One of the changes I made in Hubris was to start every round with my movement vector (direction and velocity) normalized to a positive velocity. Likewise, my new 'a to b' movement system used a normalized vector for b. Things were going mostly fine until I tracked down a teensy tiny bug that had some ugly effects. When iteratively predicting my robot's future position, if my velocity hit 0.0, I no longer really knew which direction my bot was facing. It seems like a trivial issue, because I could consider my bot to be facing either way I wanted at that point, but in practice I just couldn't get the prediction to reflect what ended up happening in that situation. So.. I commented out the normalization occuring at the beginning of the turn and between iterations, and things are working smoothly again. I am getting a score of ~99.5% vs. Bot A. I've still got some 'bad starting position' code to add in, to cut that in half. I often lose 1 or 2 rounds out of 500 round battles due to really bad starting positions that my movement code just can't get out of. Yet. - Martin
Well, the refactoring marches on. I'm happy with some adjustments to the wave recording mechanism, and I'm going to try once more to mark the intersections of outgoing bullets with incoming waves to see if there's any value to hiding in the known safe regions. If you are new to the concept, it is basically that while you are firing at each other, you can learn angles that your opponent did not fire at because your bullet didn't collide with theirs. The infamous Paul Evans claimed to have attempted it (a technique known as bullet shielding) and dismissed it as not viable. That's reason enough for many to abandon it, but for me Robocode has always been about trying to do things. Though I keep dragging my feet on this (as well as my super-nifty-in-theory movement algorithm) I will include it in the key-press toggled visual debugging. --Martin 16:07, 11 May 2009 (UTC)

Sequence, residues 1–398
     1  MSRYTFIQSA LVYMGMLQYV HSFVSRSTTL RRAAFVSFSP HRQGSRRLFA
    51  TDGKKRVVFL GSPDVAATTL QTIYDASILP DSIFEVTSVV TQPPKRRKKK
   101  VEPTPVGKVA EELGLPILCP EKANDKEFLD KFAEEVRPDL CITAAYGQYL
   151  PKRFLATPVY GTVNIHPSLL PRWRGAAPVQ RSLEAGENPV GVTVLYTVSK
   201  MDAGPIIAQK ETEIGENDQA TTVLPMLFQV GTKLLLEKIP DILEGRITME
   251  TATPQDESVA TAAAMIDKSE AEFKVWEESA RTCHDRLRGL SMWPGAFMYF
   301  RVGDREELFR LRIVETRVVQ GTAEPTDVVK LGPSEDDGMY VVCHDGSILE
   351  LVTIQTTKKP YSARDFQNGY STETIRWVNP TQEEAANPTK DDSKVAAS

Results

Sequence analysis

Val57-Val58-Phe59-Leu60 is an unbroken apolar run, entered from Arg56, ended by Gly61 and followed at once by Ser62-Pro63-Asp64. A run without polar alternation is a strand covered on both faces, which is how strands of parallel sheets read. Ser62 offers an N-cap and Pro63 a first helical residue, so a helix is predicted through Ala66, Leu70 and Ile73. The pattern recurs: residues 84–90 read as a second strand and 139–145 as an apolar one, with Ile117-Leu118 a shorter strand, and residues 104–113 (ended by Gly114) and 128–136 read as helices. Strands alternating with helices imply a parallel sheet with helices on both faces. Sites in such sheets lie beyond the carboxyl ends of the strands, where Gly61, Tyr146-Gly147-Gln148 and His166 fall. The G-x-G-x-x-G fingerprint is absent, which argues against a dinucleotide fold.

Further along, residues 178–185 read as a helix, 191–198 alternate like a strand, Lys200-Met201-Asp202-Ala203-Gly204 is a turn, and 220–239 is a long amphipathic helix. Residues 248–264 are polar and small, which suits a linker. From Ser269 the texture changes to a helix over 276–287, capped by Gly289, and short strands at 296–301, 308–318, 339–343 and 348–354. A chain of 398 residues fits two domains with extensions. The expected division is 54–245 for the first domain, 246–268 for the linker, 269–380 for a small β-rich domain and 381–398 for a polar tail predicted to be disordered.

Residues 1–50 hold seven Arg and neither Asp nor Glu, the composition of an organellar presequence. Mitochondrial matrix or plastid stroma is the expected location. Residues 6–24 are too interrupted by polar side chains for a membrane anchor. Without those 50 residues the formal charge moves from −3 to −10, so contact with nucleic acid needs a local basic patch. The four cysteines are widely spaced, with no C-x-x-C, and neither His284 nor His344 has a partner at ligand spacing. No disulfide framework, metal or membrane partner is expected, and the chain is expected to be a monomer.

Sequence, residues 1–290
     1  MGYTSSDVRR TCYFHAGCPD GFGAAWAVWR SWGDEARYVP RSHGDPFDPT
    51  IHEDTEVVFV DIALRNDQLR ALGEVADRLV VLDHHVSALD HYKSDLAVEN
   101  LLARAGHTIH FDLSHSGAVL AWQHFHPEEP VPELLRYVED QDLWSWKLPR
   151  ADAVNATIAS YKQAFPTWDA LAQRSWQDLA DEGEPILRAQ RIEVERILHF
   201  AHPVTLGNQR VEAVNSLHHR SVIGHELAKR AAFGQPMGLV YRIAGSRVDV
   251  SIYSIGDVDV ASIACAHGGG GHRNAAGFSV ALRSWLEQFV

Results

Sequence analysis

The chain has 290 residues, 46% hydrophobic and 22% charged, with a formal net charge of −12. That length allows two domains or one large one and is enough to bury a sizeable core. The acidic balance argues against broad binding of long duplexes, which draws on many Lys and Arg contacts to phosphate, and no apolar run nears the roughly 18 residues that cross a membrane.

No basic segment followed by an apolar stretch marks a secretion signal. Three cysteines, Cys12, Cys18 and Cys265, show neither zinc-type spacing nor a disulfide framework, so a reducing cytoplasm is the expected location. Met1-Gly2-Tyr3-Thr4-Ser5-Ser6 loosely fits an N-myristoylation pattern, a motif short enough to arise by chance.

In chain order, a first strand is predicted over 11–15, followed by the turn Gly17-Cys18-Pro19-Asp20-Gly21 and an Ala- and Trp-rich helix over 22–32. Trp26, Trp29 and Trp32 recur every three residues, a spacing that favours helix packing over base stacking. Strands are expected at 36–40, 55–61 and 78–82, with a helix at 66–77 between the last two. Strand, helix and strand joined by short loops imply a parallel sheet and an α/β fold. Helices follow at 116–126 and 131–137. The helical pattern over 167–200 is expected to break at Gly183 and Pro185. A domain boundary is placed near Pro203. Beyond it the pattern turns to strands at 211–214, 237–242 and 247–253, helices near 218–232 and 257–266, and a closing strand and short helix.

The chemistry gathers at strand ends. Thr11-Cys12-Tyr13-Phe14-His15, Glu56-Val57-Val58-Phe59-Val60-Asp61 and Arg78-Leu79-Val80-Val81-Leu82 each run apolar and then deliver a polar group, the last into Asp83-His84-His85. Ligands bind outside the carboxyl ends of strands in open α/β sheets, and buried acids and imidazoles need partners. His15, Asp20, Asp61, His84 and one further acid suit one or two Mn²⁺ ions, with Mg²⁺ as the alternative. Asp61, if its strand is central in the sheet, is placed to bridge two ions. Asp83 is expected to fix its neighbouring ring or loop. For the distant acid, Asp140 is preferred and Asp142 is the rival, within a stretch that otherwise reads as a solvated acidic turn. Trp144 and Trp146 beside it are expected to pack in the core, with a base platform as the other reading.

Something that has nagged at me for a long time is the question of whether orbiting a bullet's point of origin is better than moving at a tangent to it. In the diagram above, the left side represents turning so that the midpoint of the robot's path is the tangent to the bullet's origin. Or whatever the correct phrasing is. It turns out that I was right in the assumption that turning is disadvantageous, but only by about 10%, which is reminiscent of how much padding Voidious said he added to his guess factor bins. My measure of 'advantageous' being the largest firing arc that someone needs to consider when firing at you. Given that we are fighting in a battlefield with walls, traveling at a tangent until the wave passes is rarely an option, so I think orbiting is generally the best bet. --Martin 18:29, 8 February 2010 (UTC)
- Yeah... that's something which has bothered me personally quite a bit as well. It's for that reason that the next time I code a surfer, it will use a (hopefully?) novel method for surfing. It's intended to make whether it orbits or follows a tangent at any moment in time, an emergent behavior based upon realistic evaluation of a wide variety of movement options, not just along a single path. It's based on calculating a precise 2D shape bounding the entire area the bot could escape to before the wave passes. The detail I haven't quite decided is how to account for the second wave and such (which will become critical if I want it to work for 'melee surfing' as I intend to), though I have a few ideas. But anyway, as far as whether the best path at any given time is orbital or a tangent or somewhere in between, I feel that an important part of "the way forward" to new surfing frontiers involves making bots more flexible about choosing between such paths. --Rednaxela 19:39, 8 February 2010 (UTC)